• Dang is said once.

Supernatural

  • None

Spiritual Content

  • Wendy says a spell, “Frogs and lizards / Toads and newts / Buttons, raincoats / Hiking boots. Turn this ghost / Into a witch. / Presto, change-o / Make a switch.” The spell changes her friend’s robe from white to black.
  • To make a pointy hat for her friend, Wendy says, “Stew and brew / And cat and bat. / Give this witch / a pointed hat.”
  • To reverse both spells, Wendy says, “Broiled figs / And toasted toast. / Turn this witch / Back to a ghost.”
  • Wendy’s sisters stay out too late, and Wendy wants them to learn a lesson so she makes a spell. “Snakes and cakes / And pumpkin pie. / Oldest sister / You can’t fly. / Salt and pepper, / Bouncing ball. / Middle sister / You will fall.” Later, her sisters come home limping because they had to walk home.
  • Wendy reverses the spell so her sisters can fly again. “Oldest sister / You can fly. / All you have to do / is try. / Middle sister / Flying’s fun. / The spell I made / is now undone.”

 

 

The Last Bogler

Alfred Bunce is out to rid Victorian London of bogles. In order to reach his goal, Alfred needs all the help he can get. Alfred and his apprentice, Ned, work with the Sewers Office to find and eliminate bogles. However, the bogles are acting unpredictably and Ned wonders if he has enough skill to become the next bogler.

To add to the suspense, an old enemy is out for revenge, and Ned’s life is in danger. Can Ned survive long enough to help Alfred rid London of bogles?

Ned is thankful that Alfred has taken him off the street, but Ned doesn’t think he wants to take Alfred’s place as the last bogler. The Last Bogler focuses more on Ned and his internal conflict, which makes the book less interesting than the previous two.

Although new characters are added, none of them are particularly memorable. The Last Bogler is not a stand-alone book; if the first two books haven’t been read, it may be hard to follow the plot. Additionally, much like the first two books, the language may be difficult for some readers.

Sexual Content

  • None

Violence

  • Alfred and Ned kill bogles. None of the deaths are described in detail. When one bogle is killed, it “reared up, frothing and hissing, its tentacles writhing, caught in the glittering trap—Bang! It exploded like a giant grape, releasing a geyser of black liquid.”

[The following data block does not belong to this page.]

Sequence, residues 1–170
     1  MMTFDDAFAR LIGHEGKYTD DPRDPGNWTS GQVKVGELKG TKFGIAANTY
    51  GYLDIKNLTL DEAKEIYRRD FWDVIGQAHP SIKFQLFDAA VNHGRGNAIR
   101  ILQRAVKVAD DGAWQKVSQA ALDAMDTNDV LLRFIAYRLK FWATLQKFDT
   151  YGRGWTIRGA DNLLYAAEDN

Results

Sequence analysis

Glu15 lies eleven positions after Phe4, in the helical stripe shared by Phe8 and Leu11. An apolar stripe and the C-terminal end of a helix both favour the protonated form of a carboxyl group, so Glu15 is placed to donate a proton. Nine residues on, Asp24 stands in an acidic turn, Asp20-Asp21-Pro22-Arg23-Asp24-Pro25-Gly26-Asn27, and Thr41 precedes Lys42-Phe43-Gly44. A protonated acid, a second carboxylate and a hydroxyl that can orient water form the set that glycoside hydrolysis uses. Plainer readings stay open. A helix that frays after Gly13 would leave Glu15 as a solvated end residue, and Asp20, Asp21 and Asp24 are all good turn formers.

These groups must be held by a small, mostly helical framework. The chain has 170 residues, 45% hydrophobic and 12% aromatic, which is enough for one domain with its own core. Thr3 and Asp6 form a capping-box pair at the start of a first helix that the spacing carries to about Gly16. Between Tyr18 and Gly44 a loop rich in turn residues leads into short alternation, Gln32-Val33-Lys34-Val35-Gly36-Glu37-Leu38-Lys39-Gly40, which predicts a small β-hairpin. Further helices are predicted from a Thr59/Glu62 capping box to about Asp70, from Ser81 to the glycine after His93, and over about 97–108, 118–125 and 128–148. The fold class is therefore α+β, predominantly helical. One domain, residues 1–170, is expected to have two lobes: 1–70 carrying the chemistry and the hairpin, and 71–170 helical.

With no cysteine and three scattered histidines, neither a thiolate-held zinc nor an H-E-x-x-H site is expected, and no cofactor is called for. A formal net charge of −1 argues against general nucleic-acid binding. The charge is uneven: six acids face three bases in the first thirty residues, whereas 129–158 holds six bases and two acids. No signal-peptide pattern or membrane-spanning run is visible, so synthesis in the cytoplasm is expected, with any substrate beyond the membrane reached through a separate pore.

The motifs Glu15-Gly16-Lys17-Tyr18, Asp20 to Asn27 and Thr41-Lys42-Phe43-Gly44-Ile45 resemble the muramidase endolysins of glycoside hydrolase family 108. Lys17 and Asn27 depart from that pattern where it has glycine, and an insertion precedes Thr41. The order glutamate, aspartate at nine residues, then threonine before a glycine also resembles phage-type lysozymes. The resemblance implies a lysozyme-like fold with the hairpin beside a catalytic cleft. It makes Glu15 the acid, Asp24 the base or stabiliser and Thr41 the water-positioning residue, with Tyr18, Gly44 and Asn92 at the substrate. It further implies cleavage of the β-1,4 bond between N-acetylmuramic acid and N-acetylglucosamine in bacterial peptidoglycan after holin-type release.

• Alfred kills another bogle. “Suddenly there was no bogle. Nothing remained except a rapidly deflating, crusty black thing that looked like an oversized boil. Alfred’s spear was sticking out of it.”
  • Mr. Harwood is attacked, but it is not described. “By the time Alfred and Ned rounded the next corner, Mr. Harwood was already on his back in the middle of the alley, with both hands clamped over his nose.”
  • Someone tries to kill Ned, but the attack is not described. Ned’s “hair was ruffled, his knuckles were grazed, and there was a rip in the knee of his trousers.” Later, the attacker confesses that he was paid to kill Ned.
  • Jack Gammon tries to kill Ned and Alfred. Jack threatens to “chop him into pieces.” In the end, Jack falls to his death. Ned “would never forget the horror of shouting for help . . . with Jack Gammon’s shattered body lying in a pool of blood at his feet.”

Drugs and Alcohol

  • Alfred and another man talk about a missing person. They are unsure if he was taken by a bogle or “he’s tucked away in the Nell Gwynne public house, drinking himself witless.”

Language

  • When a newsboy is seen following Ned, someone says, “Why, what a damnable cheek!”
  • Alfred tells someone that a lady only cares about “that hoard o’ coins in her piss pot.”

Supernatural

  • Alfred is called a “Go-Devil Man.”
  • To catch a bogle, Alfred must lay out a circle of salt with a gap in the ring so the bogle can enter it. In order to kill a bogle, it must be hit with a spear.
  • When a bogle is near, a child feels a sense of despair.
  • Alfred visits a lady known for making potions and curses. She also talks about types of herbs that are “for deathwork” and others that drive away the devil, or attack magic.
  • Alfred learns that his spear is made from “blackthorn with a consecrated point on it” and that it has herbs that are “used for cursing.”

Spiritual Content

  • None